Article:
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Year-End Special: The art doctors

We pick art restoration experts who can breathe new life into your heirloom masterpieces

The depiction of the marriage ceremony of Lord Shiva and Goddess Parvathi. This is a traditional-style Mysore painting, water-based colour on paper, measuring 95.5 x121.5cms. Photo courtesy: ICKPAC
The depiction of the marriage ceremony of Lord Shiva and Goddess Parvathi. This is a traditional-style Mysore painting, water-based colour on paper, measuring 95.5 x121.5cms. Photo courtesy: ICKPAC

Intach Conservation Institute—Bangalore (ICI Bangalore)

Expertise: Tanjore and Mysore paintings

One of their most significant projects is the ongoing conservation of 300-year-old paintings on the ceiling of Devasiriya Mandapam, or the thousand-pillared hall, in the Arulmigu Thiyagaraja Swamy Temple, located 60km from Thanjavur. Though the centre (established in 1993) works on a diverse range of artworks, its speciality is the restoration of Tanjore and Mysore paintings. “We have worked on hundreds of these paintings. A set of Mysore or Tanjore paintings might look similar, but years of experience help us differentiate between the two," says ICI Bangalore director Madhu Rani K.P.

What the centre does: “We examine the works, and use various tools, even a microscope, to get a detailed study. This helps us understand whether deterioration happened due to the environment or age," explains Madhu Rani. In case there is loss of some element or colour, she might not use the exact same materials, but recreate, if needed, the colour in a way that harmonizes with the rest of the painting.

When to call: In case of discoloration, cracks in paint surface, loss of colour or precious stones and gold leaf.

Portrait of Coomi Sohrab Bharoocha, founder of the Happy Home Blind School in Worli, Mumbai. Photo courtesy: Kayan Pandole

Kayan Pandole

Expertise: Oils on canvas

A couple of years ago, Pandole was asked by a client to restore a double-sided painting by A.A. Raiba. “Artists in those days didn’t have a lot of money, so Raiba must have discarded a painting on the front and created a new work on the other side. The client liked the discarded version better than the final work. So I ended up restoring both sides," says Pandole. At another time, one client came to her with a damaged S.H. Raza painting, which had been pierced by a dart by his son’s friend, who had mistaken the work with concentric circles for a dartboard.

What she does: In case the tear is small, Pandole employs local treatments using adhesive and a patch to support the work. “Sometimes, one needs to give a full lining to big canvases, or a strip lining if the edges of the canvas are weak. However, for paintings which are merely 30-40 years old, one can do simple cleaning to take off the dust without disturbing the layers," she says.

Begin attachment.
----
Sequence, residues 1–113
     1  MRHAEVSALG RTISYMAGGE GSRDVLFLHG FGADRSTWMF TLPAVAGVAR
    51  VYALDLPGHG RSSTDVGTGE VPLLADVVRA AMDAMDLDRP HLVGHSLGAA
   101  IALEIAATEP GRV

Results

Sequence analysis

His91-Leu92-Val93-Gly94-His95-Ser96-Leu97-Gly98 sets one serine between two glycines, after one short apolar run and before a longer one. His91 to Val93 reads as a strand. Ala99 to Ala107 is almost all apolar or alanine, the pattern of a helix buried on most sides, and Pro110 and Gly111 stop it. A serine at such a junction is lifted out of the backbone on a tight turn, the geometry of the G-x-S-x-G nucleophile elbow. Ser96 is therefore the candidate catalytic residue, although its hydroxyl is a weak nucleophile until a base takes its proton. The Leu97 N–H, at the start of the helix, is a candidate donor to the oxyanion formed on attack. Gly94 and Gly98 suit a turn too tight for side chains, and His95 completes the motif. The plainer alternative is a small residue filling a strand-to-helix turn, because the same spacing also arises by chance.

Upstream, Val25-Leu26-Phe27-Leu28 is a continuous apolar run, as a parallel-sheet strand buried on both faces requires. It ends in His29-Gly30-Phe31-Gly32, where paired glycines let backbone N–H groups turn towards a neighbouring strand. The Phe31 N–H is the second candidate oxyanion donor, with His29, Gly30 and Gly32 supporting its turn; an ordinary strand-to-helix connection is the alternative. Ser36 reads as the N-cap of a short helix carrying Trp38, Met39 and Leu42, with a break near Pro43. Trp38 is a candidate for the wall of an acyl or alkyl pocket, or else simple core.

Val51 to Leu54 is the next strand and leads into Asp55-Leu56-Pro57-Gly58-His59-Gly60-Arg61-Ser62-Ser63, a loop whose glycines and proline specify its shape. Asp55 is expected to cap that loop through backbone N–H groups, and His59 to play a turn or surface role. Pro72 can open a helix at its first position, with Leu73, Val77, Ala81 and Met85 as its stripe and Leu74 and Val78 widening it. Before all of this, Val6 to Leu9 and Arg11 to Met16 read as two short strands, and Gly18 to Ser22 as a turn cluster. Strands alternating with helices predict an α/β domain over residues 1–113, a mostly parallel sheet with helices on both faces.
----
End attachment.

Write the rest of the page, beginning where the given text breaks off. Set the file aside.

When to call: Humidity causes fungal growth in oil paintings. If you notice pale or dark patches on the painting, or observe cracks or tears, it’s time to call Pandole.

The Memorial Well, Cawnpore (Kanpur) recognizes the 1857 events when many died while trying to draw water from the well.

S Girikumar

Expertise: Photographs

In October 2004, S. Girikumar and his team were asked to work on 100 historic photographs from the collection of Chowmahalla Palace, Hyderabad. The team had to restore the images on a shoestring budget, to coincide with the opening of the palace, post restoration, in 2005. Girikumar has also worked (on projects) for the Indira Gandhi National Centre for the Arts, Delhi, and The City Palace Museum, Udaipur.

What he does: The first step is to identify the processes. Some processes may look similar, but the treatment suitable for one could cause irreparable damage to the other. For example, under certain conditions, an early gelatin print can be treated with water or an organic solvent, but the moment a collodion print comes in contact with any of these agents, the image layer will crumble or dissolve.

When to call: Watch out for discoloration, staining, cracks, fungal attack and the curling up and sticking of photographs.

Polychrome wood in which the tarry material got deposited. Photo courtesy: Dharohar Art Conservation

Dharohar art conservation

Expertise: Miniature paintings, artefacts and sculptures

Whether it is a damaged watercolour work by M.V. Dhurandhar , a Raja Ravi Varma oleograph, museum objects from Jnana-Pravaha, Varanasi, or artefacts from The Imperial, New Delhi, Madhavi and Venkat Singh have worked on a host of collections. Lucknow-based, they adhere to the international ethics of conservation, specializing in sculptures, artefacts and miniatures. They have also conducted an art conservation assessment of 496 miniatures for a private collection in Mumbai.

What they do: They don’t just help restore artworks, they also offer preservation consultancy and short-term practical training on how to take care of objects. One can also reach out to them for authentication of artefacts.

When to call: “For miniature paintings, one should watch out for discoloration, insect holes, flaking of paint and fungus," says Madhavi. For sculpture, call them if there are cracks and alien deposits.

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